Obama Fails at Fixing Economy, But Leads Polls By Using Wedge Issues

Ask anyone what this election will boil down to and almost everyone will give you the same answer: the economy and jobs. Those are definitely my top priorities.

And the polls only confirm it. A Pew Research Center study show that more than eight-in-ten voters say the economy (86%) and jobs (84%) are very important issues in deciding who to vote for this fall. Those two issues rank at the top of the list, followed by the federal budget deficit and health care, both tied at 74%.

In fact, according to that same study, the four issues at the bottom of the list that voters ranked as least important were immigration (42%), abortion (39%), birth control (34%), and gay marriage (28%).

At the same time, a Rasmussen poll shows that voters trust Republican nominee Mitt Romney on fixing the economy more than Democrat incumbent Barack Obama by a 49% to 39% margin.

Logic would then dictate that Romney should be killing Obama in the polls. But he’s not. The latest RealClearPolitics average has Obama with a slim 3 point lead over Romney.

So what gives? I thought that, as James Carville famously quipped 20 years ago, “It’s the economy, stupid!”

Maybe not anymore. While the clear majority may think it is, perhaps too many Americans easily get distracted with issues that they rate at less important (when asked anyway). And the David Axelrod marketing machine is looking to capitalize on this in 2012.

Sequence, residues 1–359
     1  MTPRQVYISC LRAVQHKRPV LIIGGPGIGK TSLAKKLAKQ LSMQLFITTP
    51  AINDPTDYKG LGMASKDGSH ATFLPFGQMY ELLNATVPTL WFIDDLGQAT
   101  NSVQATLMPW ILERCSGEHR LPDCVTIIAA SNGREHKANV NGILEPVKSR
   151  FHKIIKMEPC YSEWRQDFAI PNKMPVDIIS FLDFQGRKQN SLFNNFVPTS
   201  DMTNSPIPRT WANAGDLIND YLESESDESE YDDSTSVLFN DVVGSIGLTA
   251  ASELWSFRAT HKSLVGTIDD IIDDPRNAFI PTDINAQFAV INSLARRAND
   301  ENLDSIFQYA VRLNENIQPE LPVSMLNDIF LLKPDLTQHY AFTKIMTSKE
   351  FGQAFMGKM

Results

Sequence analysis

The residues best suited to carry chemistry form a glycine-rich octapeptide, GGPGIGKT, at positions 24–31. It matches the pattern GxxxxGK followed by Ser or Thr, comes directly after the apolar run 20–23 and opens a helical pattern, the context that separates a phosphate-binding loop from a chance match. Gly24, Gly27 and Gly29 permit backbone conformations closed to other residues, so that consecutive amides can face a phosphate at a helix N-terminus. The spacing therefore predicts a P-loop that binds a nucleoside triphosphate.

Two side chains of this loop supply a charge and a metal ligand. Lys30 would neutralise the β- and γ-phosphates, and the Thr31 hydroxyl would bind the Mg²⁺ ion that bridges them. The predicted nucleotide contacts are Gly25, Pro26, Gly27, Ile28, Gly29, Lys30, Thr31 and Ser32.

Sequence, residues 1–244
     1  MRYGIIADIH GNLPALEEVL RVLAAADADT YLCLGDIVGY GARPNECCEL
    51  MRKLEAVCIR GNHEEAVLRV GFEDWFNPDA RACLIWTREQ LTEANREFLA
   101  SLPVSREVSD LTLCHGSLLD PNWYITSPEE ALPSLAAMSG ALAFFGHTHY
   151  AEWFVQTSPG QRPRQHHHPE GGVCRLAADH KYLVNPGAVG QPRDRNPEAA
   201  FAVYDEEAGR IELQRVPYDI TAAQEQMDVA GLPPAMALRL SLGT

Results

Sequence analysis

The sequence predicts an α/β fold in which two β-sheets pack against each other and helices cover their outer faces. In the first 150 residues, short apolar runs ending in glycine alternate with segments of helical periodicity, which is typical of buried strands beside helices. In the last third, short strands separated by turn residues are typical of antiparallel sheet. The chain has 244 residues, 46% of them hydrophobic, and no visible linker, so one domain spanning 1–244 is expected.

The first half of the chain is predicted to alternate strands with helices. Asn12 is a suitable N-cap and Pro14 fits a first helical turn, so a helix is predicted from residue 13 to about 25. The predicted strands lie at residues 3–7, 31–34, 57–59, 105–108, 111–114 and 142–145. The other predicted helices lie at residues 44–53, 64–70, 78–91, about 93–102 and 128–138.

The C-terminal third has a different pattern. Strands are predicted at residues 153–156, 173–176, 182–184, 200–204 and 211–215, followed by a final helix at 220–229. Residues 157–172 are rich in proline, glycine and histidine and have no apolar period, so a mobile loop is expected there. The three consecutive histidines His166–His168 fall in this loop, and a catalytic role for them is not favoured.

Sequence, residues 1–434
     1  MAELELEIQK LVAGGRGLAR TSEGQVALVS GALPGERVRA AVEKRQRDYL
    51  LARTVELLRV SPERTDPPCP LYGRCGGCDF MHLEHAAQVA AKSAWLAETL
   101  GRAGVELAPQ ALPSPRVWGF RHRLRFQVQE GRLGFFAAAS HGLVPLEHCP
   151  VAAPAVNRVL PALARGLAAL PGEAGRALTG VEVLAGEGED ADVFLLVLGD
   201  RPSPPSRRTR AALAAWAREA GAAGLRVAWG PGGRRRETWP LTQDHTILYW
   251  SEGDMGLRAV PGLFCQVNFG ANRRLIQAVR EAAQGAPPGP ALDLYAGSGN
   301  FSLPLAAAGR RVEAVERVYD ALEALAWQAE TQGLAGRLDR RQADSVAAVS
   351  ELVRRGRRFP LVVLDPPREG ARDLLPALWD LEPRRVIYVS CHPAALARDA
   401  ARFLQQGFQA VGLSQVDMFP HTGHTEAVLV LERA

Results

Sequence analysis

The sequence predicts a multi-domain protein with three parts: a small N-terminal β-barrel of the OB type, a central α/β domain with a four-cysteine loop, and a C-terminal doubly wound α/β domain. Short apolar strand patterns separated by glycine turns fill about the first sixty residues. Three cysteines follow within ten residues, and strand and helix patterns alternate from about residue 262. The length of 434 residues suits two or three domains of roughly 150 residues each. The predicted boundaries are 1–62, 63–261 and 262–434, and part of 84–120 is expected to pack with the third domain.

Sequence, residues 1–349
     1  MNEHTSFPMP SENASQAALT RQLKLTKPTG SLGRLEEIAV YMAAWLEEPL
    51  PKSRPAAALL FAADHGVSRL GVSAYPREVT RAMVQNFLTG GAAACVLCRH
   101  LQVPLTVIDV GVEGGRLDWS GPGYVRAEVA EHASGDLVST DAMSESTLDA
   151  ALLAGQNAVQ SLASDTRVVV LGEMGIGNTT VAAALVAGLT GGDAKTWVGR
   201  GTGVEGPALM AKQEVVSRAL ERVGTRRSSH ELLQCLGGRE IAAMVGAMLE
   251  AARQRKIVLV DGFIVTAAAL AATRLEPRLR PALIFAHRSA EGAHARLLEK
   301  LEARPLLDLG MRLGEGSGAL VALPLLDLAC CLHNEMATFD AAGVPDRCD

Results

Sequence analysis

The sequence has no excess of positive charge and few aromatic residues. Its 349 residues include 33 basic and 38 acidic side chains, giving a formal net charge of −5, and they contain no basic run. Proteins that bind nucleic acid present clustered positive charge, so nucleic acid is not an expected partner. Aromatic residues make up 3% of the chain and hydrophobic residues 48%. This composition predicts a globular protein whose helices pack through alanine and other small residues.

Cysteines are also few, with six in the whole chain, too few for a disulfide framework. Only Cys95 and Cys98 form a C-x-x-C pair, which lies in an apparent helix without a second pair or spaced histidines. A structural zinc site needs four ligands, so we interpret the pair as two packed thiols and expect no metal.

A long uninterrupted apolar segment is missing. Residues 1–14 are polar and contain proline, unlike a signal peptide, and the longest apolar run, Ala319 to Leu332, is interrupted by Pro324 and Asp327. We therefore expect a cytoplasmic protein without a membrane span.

When it comes to economic performance and job creation record, it’s no contest. During Obama’s term as President, his administration has added more debt in less than 4 years than the previous administration added in 8 years, racking up record trillion dollar deficits and eclipsing our entire GDP, leading to a first ever credit rating downgrade. The labor force participation rate is at a record low and unemployment has stubbornly been stuck at over 8%. Inflation is rising and average household net worth has fallen by 40%. This administration won’t even touch entitlement reform; those programs of which are now eating up 65.1% of tax dollars and going completely broke within 20 years. Uncertainty over federal tax rates, health care liability, and the future of our economy is not incentivizing global businesses to expand, invest, and hire here at home.

Now compare that with Romney’s record as Governor of Massachusetts, where he cut spending by $1.6 billion, balanced a budget without raising taxes, and lowered unemployment which turned a $3 billion deficit into a $700 million surplus and gave the state a credit rating upgrade.

So if the economy, jobs, and the budget deficit are the top three most important issues of 2012, as Pew shows, just how the heck is Obama leading Romney by a slim margin in the polls? If anything, you would think more voters would be willing to given someone with a proven track record of success a chance as chief executive instead of sticking with someone who’s failed in all three categories.

Welcome to the art of distraction. Americans may think immigration, abortion, birth control, and gay marriage are not as important as fiscal and employment issues, but that’s not stopping the Axelrod marketing machine. They will make those issues matter.